Maintain safe access, egress and escape routes for fire and rescue service vehicles

Control Measure Knowledge

It is important to maintain safe access, egress and escape routes for fire and rescue service vehicles at all times. The egress and escape routes in particular should be continually assessed throughout the incident to ensure that vehicles and personnel do not become trapped. It may be necessary to develop contingency plans or recovery in the event of a vehicle becoming trapped or breaking down.

Personnel need to be able to access fire and rescue service vehicles throughout the incident, to obtain equipment or seek refuge.

Fire and rescue service vehicles may be compromised by operational activities or the development of the incident. For example:

  • Surrounded by smoke
  • Damaged by fire
  • Being stranded if they are moved or positioned away from roadways, designated routes or hardstanding
  • If large quantities of firefighting run-off water or foam cause the surrounding area to become unsafe for vehicles
  • Collapsed structures or debris preventing their movement

If it is necessary to drive fire and rescue service vehicles off-road, personnel could be sent ahead on foot to assess ground conditions and identify an appropriate route.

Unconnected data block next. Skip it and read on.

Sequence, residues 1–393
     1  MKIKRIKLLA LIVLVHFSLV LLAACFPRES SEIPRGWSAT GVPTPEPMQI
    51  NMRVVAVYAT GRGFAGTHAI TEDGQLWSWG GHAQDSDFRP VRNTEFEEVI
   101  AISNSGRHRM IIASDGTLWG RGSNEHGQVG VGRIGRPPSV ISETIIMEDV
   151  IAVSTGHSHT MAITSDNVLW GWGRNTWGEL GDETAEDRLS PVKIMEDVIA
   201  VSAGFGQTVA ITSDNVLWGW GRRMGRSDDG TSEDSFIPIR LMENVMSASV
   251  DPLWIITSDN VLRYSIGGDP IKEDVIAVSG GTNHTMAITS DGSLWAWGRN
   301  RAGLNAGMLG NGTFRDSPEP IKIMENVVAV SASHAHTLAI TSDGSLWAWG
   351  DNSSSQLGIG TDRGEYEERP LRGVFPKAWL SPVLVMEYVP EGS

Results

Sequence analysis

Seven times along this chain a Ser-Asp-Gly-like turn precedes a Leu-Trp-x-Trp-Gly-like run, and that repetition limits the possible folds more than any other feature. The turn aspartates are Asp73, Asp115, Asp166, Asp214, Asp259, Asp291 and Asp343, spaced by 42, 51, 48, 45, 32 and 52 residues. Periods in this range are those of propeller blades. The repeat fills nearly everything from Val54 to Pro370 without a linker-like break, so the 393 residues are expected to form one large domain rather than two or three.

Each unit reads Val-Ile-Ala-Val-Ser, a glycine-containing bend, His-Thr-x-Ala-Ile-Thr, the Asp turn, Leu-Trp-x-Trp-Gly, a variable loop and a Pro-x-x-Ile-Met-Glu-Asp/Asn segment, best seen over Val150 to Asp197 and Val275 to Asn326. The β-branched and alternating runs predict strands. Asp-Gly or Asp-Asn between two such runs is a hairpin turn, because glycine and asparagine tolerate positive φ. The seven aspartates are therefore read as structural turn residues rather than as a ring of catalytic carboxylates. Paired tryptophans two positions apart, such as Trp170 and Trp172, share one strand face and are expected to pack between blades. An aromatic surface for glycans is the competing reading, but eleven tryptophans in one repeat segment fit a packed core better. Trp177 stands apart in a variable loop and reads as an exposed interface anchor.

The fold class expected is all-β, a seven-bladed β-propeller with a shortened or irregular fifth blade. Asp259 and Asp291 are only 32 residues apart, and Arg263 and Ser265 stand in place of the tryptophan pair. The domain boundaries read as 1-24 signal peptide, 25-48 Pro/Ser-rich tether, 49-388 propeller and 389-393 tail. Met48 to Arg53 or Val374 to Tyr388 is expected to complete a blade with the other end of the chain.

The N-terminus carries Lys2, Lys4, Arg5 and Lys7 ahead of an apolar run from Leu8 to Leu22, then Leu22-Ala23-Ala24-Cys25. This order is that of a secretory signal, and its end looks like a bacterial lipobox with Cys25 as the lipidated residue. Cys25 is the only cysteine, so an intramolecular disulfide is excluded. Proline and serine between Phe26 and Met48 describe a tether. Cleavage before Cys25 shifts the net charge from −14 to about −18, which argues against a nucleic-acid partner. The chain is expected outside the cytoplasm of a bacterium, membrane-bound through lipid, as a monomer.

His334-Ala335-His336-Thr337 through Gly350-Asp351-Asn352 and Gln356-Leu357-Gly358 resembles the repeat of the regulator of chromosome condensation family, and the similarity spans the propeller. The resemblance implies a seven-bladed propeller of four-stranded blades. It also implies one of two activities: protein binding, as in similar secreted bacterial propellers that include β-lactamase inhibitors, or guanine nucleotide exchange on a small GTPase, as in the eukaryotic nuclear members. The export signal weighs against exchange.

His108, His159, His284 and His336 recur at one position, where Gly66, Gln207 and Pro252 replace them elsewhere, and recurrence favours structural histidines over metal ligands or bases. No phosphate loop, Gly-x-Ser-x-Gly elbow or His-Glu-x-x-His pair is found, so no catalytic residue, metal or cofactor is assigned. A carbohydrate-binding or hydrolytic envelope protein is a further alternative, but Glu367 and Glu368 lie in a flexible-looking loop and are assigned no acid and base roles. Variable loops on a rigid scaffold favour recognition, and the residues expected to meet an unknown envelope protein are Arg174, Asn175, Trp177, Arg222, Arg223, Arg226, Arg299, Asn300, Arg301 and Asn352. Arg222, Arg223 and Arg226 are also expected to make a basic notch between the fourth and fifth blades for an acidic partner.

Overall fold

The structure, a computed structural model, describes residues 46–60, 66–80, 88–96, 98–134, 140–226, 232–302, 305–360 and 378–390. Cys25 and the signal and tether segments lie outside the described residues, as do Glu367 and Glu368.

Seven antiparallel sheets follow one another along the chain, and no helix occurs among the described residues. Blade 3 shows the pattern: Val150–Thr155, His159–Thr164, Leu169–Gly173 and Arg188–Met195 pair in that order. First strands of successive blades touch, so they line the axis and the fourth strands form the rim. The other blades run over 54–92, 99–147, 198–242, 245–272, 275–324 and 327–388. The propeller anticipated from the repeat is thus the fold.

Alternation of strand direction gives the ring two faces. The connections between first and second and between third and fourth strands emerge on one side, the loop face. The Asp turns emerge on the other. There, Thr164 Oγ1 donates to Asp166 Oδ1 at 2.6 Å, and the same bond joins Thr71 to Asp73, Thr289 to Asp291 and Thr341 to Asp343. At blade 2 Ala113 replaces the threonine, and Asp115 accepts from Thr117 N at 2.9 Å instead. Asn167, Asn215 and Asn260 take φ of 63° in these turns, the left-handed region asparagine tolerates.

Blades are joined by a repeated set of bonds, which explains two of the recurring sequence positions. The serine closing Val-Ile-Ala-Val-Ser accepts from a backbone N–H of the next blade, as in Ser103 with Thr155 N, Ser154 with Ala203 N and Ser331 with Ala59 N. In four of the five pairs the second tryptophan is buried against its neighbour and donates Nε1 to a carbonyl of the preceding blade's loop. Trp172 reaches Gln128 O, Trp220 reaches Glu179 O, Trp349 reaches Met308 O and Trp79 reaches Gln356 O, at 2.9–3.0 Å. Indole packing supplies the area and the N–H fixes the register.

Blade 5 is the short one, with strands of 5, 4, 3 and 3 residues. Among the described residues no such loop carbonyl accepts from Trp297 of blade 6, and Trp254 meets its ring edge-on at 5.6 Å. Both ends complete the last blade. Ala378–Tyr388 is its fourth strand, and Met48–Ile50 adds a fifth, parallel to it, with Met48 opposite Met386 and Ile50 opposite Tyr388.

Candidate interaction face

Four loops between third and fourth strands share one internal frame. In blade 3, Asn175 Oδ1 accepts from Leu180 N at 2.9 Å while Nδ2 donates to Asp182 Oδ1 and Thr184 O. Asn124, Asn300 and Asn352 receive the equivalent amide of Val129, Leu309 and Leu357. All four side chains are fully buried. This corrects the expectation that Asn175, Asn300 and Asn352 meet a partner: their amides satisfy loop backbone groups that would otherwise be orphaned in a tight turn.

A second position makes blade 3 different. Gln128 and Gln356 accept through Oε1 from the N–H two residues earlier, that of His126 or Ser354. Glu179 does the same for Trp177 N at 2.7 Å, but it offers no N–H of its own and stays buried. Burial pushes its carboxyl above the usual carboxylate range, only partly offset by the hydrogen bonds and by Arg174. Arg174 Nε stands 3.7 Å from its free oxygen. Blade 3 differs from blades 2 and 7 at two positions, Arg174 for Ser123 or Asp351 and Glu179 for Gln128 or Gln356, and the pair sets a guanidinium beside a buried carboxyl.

Access, egress and escape routes for vehicles should take into account:

  • The likely development of the incident
  • The impact of operational activity
  • Width, condition and gradient of roads and tracks – being aware that vehicles may ‘bottom out’ on undulating ground
  • Width and weight limits of any bridges, taking into account that there is no requirement to mark the weight limit on bridges on private land (such as bridges not on a public highway)
  • Risk of overturning when crossing steep slopes
  • Saddlesre-entrants or other landscape features that may impact fire behaviour or are prone to flooding
  • The type of vehicles in attendance
  • Wind direction, weather conditions and visibility
  • The presence of:
    • People
    • Personnel and equipment
    • Fenced and unfenced roads and tracks
    • Animals, including livestock
    • One way systems
    • No through roads
    • Suitable turning and passing areas
    • Unmetalled rural roads
    • Locked gates, parked vehicles, machinery or other obstacles
    • Security barriers,bollards or ramps
    • Hidden obstructions, such as tree stumps or pot holes

It may not be possible to move fire and rescue service vehicles immediately, especially if their function or type prevent this. Additional measures should be considered to limit the risk that the vehicle could be subjected to by changing conditions. Actions that can protect vehicles and enable them to be moved if necessary include:

  • Placing covering jets near to vehicles at a fire
  • Not using the vehicle as an anchor point
  • Avoiding situations where equipment is placed near to or attached to the vehicle

Strategic Actions

Tactical Actions